Locals rarely eat at the Savannah  institution called the Pirate’s House (20 E. Broad St., 912/233-5757, www.thepirateshouse.com , lunch daily 11 a.m.–4 p.m., dinner Sun.–Thurs. 4–9:30 p.m., Fri.–Sat. 4–10 p.m., $17–26), known primarily for its delightfully kitschy pre–Jack Sparrow pirate decor and its dependably pedestrian food. Still, the history here is undeniable: One of America’s oldest buildings, built in 1753, the Pirate’s House hosted many a salty sea dog—though perhaps few actual pirates—in its day as a seamen’s inn. And any place that rates a shout-out in Robert Louis Stevenson’s Treasure Island has to be worth a visit.
The rambling interior of the old house, each of the 15 dining rooms with its own different nautical flavor, just adds to the general air of jaunty buccaneer insouciance. “The Captain’s Room” is allegedly where shipmasters would shanghai unwary men to complete their chronically short-handed crews. Supposedly a tunnel from there goes all the way to the river, the better to transport the drugged kidnapping victims. The “Southern Buffet” each day 11 a.m.–3 p.m. features the Pirate House’s signature honey pecan fried chicken.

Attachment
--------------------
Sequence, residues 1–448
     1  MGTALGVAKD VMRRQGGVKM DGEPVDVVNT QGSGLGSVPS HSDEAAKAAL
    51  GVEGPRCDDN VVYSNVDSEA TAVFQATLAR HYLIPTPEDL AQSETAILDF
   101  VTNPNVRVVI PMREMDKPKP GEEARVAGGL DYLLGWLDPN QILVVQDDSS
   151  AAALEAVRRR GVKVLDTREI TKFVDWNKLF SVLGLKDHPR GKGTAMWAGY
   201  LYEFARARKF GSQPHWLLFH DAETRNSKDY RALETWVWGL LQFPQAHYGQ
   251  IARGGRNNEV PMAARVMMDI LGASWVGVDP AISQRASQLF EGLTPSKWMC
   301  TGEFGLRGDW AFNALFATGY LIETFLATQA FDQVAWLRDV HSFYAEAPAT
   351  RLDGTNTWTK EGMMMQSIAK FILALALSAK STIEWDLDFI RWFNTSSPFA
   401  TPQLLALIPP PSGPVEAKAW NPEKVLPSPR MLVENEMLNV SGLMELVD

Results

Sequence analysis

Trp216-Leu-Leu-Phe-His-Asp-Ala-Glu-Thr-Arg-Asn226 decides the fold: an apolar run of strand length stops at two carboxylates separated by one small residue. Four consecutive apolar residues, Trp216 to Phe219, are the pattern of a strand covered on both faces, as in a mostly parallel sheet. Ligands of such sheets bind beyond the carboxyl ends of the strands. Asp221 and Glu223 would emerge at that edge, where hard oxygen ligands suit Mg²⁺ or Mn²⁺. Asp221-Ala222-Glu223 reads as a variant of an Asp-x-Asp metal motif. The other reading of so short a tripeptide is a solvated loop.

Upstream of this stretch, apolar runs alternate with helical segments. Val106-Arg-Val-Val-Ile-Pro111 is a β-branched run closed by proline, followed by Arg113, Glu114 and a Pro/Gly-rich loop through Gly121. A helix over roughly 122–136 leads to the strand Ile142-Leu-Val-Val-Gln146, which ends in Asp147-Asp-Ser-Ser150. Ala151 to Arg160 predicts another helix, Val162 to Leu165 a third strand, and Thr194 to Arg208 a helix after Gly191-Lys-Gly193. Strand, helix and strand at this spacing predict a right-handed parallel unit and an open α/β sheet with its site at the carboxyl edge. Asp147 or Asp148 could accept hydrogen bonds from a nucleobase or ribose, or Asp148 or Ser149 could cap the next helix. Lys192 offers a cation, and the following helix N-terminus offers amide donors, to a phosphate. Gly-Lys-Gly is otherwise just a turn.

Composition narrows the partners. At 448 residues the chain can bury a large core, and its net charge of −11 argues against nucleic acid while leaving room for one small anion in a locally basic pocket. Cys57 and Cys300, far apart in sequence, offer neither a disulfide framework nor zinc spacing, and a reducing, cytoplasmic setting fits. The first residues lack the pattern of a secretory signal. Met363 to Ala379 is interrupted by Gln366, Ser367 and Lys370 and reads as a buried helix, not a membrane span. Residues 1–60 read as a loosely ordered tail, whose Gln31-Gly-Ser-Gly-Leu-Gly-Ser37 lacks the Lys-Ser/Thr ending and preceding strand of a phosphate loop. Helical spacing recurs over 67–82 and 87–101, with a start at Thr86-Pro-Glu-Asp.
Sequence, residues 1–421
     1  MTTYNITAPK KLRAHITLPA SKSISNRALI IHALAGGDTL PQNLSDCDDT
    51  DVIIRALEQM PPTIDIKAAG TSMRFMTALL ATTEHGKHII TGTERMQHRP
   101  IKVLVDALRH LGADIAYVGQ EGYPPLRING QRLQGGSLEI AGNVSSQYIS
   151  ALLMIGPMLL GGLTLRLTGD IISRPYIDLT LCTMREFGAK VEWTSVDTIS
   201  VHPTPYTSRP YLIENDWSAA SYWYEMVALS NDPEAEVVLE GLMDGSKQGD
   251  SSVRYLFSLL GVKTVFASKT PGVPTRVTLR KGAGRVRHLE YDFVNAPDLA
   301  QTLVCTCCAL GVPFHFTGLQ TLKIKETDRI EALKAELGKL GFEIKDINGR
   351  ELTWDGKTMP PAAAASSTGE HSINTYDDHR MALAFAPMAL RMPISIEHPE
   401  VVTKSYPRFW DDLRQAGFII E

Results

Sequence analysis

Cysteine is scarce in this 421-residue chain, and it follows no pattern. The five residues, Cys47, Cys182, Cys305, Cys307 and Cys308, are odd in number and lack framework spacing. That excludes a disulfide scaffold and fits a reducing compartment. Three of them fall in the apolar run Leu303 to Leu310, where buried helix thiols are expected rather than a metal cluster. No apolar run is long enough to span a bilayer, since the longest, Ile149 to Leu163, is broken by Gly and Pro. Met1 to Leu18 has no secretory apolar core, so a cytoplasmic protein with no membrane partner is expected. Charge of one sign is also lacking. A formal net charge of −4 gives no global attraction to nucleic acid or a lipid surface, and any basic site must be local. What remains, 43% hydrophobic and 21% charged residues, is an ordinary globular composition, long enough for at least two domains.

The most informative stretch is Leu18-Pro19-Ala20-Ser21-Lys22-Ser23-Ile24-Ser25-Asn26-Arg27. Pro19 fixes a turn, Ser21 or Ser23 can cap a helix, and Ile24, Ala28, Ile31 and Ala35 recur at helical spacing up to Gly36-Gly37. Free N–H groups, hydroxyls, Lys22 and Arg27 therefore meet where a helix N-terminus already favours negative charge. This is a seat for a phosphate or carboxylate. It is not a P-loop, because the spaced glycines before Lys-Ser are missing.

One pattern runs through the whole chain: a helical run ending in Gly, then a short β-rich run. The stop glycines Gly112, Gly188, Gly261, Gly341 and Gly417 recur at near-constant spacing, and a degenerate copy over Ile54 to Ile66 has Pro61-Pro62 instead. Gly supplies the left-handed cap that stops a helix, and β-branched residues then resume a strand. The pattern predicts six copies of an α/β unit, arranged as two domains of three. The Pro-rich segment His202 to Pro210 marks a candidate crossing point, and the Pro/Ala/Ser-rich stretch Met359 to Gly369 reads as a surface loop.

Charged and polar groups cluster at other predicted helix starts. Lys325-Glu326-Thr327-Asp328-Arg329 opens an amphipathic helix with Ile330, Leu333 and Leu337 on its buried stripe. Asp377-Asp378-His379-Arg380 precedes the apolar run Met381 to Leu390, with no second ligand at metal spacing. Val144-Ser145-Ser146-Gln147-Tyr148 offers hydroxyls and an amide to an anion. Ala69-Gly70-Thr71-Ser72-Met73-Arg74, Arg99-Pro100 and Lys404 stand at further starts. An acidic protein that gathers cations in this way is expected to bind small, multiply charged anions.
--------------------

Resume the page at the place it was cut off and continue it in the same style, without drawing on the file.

Very few restaurants on River Street rise above tourist schlock, but a clear standout is Vic’s on the River (16 E. River St., 912/721-1000, www.vicsontheriver.com , Sun.–Thurs. 11 a.m.–10 p.m., Fri.–Sat. 11 a.m.–11 p.m., $22–40). Hewing more to Charleston -style fine dining than most Savannah  restaurants—with dishes like wild Georgia shrimp, stone-ground grits, and blue crab cakes with a three-pepper relish—Vic’s combines a romantic, old Savannah  atmosphere with an adventurous take on Lowcountry cuisine. Note the entrance to the dining room is not on River Street, but on the Bay Street level on Upper Factor’s Walk.